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The strawman is strong with that argument.

> But for most people, they are comfortable with this agreement. They don’t see it as a breach of freedom or liberty, but as a simple and just contract.

Having people sign away something that they are not fully aware of the implications of is not the same as people not caring.

If you presented software as "and at any time, this software you just paid $300 for, can be remotely disabled and you won't get your money back and you have no choice about it", people might be less willing to accept the status quo.

To use (yet another!) car analogy, if I buy a car and the manufacturer goes out of business, I can still get support from independent mechanics. Heck if there are enough customers, a new company may spring to life just to make replacement parts for the car! (This in fact happens super often, non-oem parts are everywhere.) Even after bankruptcy of the original manufacturer, an entire third party supply chain can exist and people can keep driving their cars.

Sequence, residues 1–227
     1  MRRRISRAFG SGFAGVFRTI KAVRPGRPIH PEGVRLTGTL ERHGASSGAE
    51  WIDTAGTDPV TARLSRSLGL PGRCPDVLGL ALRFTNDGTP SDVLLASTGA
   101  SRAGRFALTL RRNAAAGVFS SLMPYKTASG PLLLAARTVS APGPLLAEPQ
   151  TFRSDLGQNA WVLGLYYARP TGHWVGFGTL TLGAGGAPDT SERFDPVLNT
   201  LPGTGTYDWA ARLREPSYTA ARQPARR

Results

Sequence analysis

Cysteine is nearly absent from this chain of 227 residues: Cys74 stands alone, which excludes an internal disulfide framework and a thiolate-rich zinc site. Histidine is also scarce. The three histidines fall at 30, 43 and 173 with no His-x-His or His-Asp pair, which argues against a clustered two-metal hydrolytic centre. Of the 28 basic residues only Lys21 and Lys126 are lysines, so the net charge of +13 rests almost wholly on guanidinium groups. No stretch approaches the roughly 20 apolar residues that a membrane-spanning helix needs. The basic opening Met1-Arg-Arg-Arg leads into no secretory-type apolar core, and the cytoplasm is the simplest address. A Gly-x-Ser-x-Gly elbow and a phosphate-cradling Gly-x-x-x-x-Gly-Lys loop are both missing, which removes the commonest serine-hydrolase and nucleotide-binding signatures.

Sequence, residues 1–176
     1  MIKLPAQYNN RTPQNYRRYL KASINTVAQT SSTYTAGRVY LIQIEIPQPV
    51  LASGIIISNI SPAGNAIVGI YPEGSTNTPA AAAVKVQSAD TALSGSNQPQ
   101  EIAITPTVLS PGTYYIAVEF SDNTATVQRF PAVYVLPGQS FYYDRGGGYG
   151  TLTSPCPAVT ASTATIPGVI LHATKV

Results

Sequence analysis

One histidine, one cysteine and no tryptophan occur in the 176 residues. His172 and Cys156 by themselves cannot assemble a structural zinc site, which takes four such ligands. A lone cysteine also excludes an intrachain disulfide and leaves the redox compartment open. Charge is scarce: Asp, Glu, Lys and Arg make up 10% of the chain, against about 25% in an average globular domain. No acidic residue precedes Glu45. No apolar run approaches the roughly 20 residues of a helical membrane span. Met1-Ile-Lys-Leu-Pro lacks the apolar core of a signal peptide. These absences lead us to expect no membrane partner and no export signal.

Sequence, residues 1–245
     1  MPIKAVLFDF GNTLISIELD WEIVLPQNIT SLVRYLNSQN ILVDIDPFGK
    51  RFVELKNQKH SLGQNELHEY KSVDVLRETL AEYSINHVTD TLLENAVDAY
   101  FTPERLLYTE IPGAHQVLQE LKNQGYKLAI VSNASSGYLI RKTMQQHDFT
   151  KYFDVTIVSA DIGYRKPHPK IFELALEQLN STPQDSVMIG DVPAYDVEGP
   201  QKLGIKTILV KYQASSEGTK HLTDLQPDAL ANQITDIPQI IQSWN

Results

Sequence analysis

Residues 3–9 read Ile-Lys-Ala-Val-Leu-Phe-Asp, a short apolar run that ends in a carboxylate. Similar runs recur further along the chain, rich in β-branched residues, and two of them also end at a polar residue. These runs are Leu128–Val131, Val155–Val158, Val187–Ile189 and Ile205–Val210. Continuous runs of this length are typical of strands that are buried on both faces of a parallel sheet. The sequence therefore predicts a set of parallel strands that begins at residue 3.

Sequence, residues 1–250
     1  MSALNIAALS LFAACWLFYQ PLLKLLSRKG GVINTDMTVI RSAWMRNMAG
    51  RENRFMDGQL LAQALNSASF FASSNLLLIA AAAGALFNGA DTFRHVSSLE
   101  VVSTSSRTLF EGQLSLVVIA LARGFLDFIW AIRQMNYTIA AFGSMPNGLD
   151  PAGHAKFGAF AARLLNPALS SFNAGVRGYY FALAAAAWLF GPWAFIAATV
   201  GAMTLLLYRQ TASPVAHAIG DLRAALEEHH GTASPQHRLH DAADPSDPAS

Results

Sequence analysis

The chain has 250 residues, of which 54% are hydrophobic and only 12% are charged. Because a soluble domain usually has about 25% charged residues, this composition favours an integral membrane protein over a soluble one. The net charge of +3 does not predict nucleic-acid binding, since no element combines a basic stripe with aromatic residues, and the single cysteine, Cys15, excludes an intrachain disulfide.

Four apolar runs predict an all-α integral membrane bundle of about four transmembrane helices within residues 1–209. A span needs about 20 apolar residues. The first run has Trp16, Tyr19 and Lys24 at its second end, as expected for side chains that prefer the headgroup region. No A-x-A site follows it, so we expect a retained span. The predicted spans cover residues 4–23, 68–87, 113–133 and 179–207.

Compare this to closed source software, where the software can literally just stop working one day, with no recourse.

People are slowly coming to realize this, especially as more and more software has a requirement to ping a server somewhere. IoT devices are helping bring this issue to public awareness.

GPL says "no matter what, YOU have the right to what is running on your computers, you can open it up and do what you want, or pay someone else to do the same."

How is it unethical that I should have control over the software running on my PC, in my house? The same PC my webcam and microphone are connected to? The same PC I use for online banking and email?

Nothing else in the world works like closed source software. Hardware manufacturers try, and there is a legal fight to try and make physical goods like software (sealed shut, unable to open, no third party parts), but traditionally anything I buy I've been able to disassemble at will.

Why should software be any different?

(Of course I say this as someone who has spent over a decade writing a closed source software... and I use Windows as my primary OS.)

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